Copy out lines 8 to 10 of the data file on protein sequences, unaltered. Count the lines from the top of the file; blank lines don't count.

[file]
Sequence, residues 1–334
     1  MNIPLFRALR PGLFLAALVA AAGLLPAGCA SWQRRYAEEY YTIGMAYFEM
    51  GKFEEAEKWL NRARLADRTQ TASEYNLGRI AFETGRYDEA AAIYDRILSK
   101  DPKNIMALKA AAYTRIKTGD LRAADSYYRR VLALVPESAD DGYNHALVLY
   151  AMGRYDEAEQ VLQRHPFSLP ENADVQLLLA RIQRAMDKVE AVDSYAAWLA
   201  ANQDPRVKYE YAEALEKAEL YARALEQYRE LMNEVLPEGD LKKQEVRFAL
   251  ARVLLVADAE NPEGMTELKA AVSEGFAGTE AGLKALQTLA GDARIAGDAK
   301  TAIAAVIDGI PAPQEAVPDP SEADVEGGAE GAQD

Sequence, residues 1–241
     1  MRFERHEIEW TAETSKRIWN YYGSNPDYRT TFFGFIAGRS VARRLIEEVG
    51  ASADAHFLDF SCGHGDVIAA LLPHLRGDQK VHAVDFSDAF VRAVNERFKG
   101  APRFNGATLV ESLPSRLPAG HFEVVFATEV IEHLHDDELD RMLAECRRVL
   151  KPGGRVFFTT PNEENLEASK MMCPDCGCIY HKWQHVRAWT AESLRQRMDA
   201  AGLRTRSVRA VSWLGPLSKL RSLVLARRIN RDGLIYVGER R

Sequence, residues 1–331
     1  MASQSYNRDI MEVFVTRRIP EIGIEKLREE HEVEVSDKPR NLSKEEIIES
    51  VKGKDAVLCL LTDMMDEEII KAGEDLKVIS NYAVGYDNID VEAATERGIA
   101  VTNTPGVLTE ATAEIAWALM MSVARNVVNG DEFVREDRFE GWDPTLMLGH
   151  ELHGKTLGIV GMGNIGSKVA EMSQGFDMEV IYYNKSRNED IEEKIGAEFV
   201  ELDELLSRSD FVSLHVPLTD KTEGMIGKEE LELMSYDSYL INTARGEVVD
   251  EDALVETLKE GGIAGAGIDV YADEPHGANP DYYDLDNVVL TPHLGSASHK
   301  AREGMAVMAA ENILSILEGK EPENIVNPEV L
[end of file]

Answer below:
   301  TAIAAVIDGI PAPQEAVPDP SEADVEGGAE GAQD

Sequence, residues 1–241
     1  MRFERHEIEW TAETSKRIWN YYGSNPDYRT TFFGFIAGRS VARRLIEEVG